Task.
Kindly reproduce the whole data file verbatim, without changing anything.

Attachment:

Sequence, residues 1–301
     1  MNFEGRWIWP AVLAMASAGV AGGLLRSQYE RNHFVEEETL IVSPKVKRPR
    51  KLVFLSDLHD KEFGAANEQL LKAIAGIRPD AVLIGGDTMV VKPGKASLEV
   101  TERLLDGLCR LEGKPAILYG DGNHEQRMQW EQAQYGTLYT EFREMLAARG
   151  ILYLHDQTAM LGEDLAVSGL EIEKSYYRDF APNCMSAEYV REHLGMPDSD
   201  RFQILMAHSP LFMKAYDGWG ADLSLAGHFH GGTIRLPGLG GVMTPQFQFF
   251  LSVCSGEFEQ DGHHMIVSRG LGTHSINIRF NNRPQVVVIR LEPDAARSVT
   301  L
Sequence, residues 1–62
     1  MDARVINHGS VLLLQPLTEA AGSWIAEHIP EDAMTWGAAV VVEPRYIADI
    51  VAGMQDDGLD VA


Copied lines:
Sequence, residues 1–301
     1  MNFEGRWIWP AVLAMASAGV AGGLLRSQYE RNHFVEEETL IVSPKVKRPR
    51  KLVFLSDLHD KEFGAANEQL LKAIAGIRPD AVLIGGDTMV VKPGKASLEV
   101  TERLLDGLCR LEGKPAILYG DGNHEQRMQW EQAQYGTLYT EFREMLAARG
   151  ILYLHDQTAM LGEDLAVSGL EIEKSYYRDF APNCMSAEYV REHLGMPDSD
   201  RFQILMAHSP LFMKAYDGWG ADLSLAGHFH GGTIRLPGLG GVMTPQFQFF
   251  LSVCSGEFEQ DGHHMIVSRG LGTHSINIRF NNRPQVVVIR LEPDAARSVT
   301  L
Sequence, residues 1–62
     1  MDARVINHGS VLLLQPLTEA AGSWIAEHIP EDAMTWGAAV VVEPRYIADI
    51  VAGMQDDGLD VA